In Short: Morning Glory bills itself as a new perspective on daytime dining, and I have to agree. This diner brings together elements that make for an exciting experience, not just ‘another’ cafe. South Asian flavours run through the menu. Great coffee is a given. My tip for those of you who can handle a bit of heat is to try the cauliflower upma.
If ever the saying “you eat with your eyes” rang true, it was when I came across Morning Glory on their Instagram feed. Beautifully presented photos, with exquisite lighting and clean, enticing aesthetic really drew me in. So after a morning at The National Museum Australia we headed just around the corner to Morning Glory for a well-earned lunch. Morning Glory sits in the space formerly occupied by A Baker. It’s split into two sections for diners and the dining areas are bathed by light. Dark wood, mixed in polished concrete tables, and glass panels allow the light to bounce around yet keep it moody and intimate in spots.
The menu was littered with fascinating sounding dishes with a real pan Asian influence. From an Upma, to Bó Kho Cassarecce and Terung Burger, Morning Glory really does push the envelope with not often seen items on a Canberra cafe menu.
For coffee lovers, Morning Glory delights as well. I tried a flat white with rich caramel flavours and a tangy citrus finish. It was gentle on the acidity front and I loved how smooth each sip was, and with the right temperature it disappeared all too quickly.
As the days warm up in Canberra (it does take a while here!) an Ice Long Black is definitely just the elixir to provide a dose of caffeine with a refreshing twist. The coffee was robust in flavour and absolutely refreshing in the warmer spring weather. There was a hint of fruity flavours with burnt sweet caramel flavour that was perfect for a ice coffee drink.
So you want to know all about that cauliflower upma, then? You are in luck as I ordered this intriguing sounding dish. I was initially drawn to the paratha in the menu notes; it pointed to the south Indian heritage of the dish. I loved the aromas of fried curry leaves. The cauliflower was coated in spices including mustard seeds and was sensational. Cut up fried dried chillis had that roasted flavour followed by the fireworks of heat. A perfectly fried sunny side up egg is another layer of flavour. I used the neatly cut triangles of paratha to scoop up a little bit of the egg and cauliflower. It’s original, inventive, and memorable.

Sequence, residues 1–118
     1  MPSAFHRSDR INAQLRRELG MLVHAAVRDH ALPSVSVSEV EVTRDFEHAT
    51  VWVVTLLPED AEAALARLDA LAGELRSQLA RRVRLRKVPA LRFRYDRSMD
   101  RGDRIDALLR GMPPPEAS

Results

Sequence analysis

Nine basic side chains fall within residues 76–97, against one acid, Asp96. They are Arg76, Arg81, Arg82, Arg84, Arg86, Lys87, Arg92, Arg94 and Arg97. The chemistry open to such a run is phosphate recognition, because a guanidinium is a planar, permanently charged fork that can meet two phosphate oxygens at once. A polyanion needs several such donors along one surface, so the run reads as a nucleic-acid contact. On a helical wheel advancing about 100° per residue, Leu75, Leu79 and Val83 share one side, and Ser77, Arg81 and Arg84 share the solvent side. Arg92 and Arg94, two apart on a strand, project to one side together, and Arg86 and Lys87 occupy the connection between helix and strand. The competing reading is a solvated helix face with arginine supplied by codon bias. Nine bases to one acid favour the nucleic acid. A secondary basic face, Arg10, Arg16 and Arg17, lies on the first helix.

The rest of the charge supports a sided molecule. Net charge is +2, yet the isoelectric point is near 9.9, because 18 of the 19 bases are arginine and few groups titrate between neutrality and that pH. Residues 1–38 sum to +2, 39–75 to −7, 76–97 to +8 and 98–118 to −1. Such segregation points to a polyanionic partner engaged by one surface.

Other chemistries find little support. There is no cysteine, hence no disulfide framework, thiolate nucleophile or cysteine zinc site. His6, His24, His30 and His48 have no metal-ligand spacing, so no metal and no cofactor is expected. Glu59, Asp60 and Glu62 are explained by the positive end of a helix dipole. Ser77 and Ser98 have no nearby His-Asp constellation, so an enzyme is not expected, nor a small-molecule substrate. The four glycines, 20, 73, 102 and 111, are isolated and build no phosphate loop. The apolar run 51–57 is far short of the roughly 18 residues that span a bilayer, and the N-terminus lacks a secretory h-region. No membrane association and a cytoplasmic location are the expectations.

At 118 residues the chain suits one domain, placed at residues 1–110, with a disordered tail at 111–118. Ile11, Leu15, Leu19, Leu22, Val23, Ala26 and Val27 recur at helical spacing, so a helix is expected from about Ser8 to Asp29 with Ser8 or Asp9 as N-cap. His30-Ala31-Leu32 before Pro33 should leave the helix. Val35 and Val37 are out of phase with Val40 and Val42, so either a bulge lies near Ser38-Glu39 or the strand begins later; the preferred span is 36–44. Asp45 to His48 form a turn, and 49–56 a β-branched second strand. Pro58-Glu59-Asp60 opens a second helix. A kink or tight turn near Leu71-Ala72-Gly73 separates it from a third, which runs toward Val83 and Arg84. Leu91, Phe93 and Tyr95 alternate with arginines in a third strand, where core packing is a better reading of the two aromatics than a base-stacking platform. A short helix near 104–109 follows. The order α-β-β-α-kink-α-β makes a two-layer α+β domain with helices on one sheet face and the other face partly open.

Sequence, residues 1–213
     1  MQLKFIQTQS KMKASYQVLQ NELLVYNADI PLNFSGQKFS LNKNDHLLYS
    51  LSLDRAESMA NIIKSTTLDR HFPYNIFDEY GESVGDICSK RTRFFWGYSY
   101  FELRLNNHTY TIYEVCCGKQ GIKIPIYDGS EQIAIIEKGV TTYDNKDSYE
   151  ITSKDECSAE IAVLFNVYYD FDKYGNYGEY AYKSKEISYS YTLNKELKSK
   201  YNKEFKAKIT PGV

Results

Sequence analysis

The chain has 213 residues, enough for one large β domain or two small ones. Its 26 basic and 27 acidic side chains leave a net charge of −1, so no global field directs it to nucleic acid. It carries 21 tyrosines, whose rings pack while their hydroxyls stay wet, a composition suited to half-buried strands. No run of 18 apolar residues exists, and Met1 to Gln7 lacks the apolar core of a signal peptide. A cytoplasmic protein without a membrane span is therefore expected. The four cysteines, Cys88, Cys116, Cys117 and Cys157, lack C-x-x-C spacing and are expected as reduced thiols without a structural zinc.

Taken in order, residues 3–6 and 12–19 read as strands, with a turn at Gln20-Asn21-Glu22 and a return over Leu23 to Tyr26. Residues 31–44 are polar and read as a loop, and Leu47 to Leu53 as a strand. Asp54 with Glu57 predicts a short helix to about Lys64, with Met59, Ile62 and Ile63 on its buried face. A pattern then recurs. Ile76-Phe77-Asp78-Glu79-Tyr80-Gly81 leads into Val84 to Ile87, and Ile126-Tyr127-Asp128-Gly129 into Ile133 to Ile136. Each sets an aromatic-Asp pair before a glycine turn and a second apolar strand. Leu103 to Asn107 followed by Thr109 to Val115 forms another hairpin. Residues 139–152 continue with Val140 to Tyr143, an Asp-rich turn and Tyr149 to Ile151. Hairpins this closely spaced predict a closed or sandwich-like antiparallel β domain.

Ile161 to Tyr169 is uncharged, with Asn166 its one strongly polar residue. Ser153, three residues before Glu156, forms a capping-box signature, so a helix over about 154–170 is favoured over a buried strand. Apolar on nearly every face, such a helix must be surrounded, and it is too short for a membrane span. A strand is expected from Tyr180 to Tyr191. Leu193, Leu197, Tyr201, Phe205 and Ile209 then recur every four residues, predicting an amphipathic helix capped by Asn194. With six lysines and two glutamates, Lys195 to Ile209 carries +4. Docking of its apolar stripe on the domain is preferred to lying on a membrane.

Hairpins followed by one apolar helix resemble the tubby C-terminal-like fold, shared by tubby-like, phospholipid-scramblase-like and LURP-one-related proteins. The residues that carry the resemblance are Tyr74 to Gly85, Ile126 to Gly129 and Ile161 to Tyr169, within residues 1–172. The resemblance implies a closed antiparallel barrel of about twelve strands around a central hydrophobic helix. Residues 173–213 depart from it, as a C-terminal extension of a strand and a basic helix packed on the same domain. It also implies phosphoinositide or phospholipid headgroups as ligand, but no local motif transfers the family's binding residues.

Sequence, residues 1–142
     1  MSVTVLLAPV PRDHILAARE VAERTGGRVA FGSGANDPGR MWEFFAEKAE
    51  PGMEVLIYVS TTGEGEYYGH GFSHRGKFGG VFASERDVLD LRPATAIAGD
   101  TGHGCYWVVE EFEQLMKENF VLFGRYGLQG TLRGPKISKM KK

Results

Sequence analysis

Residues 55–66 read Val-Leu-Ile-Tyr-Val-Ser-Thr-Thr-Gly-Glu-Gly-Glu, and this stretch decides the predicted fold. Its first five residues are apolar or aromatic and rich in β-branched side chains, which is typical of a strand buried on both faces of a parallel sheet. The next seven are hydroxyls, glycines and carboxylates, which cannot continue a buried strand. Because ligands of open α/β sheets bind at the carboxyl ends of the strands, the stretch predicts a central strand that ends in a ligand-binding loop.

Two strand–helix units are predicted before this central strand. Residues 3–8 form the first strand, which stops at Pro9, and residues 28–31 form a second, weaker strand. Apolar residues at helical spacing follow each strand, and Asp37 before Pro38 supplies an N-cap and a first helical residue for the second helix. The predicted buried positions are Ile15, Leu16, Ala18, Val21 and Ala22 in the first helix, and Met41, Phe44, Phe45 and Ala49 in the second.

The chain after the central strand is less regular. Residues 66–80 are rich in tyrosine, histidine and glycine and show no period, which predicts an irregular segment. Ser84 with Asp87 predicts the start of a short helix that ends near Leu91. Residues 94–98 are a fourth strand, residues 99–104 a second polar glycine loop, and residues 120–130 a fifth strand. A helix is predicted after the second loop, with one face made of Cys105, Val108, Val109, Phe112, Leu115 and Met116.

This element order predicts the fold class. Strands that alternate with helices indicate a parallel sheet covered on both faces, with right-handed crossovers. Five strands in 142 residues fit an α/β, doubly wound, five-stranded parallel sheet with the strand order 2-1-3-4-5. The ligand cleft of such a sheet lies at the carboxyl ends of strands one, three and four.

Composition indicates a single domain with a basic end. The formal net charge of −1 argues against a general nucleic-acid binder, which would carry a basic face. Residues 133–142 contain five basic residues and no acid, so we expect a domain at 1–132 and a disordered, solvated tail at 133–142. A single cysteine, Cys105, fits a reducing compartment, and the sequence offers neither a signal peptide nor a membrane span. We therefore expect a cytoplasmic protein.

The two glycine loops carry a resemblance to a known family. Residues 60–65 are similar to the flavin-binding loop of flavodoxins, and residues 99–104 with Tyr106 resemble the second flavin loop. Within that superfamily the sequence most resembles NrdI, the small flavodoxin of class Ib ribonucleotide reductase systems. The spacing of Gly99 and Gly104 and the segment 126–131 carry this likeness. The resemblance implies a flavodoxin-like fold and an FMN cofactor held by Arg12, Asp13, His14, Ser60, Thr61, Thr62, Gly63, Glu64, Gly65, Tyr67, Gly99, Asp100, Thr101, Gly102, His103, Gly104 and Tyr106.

Morning Glory’s bo kho casarecce is a hidden gem. The description says that its beef stew with basil pangrattato, but its definitely not traditional. Firstly, there is a delicious al dente pasta mixed with the delicious shredded beef stew. The pasta seems to have soaked up all the flavours of the stew sauce, transforming it from a plain pasta to one that is just bursting with rich, robust, meaty flavours. Pangrattato is Italian for bread crumbs, and the crunchy seasoned breadcrumb is sprinkled on top of the pasta dish. Shreds of garlic together alongside fried basil leaves are also tossed in with the dish giving it a more herbaceous flavour. I think the best part of the dish is actually the small pool of left over sauce that sits like liquid gold at the bottom of the bowl, which I quickly, and happily, mopped up with Sammi’s left over toast.
For our little Coco Viner Sammi we ordered eggs your way with char siu bacon. Chunky slices of char siu bacon was initially sweet, then the familiar smoky, cured flavour came through. Just cooked through scrambled eggs had that silky, shiny almost runny texture that’s the hallmark of perfect scrambled eggs, sitting atop sourdough toast. While it’s a more traditional breakfast item, the execution, nevertheless, is spot on.
I can only imagine that if Morning Glory were in Sydney, it would be one of the hottest seats in town. I love how they have thrown out the mould and challenged the palate with a fusion approach to the dining experience. If you are stopping into Canberra, or you’re a resident, definitely elevate Morning Glory to the top of the list.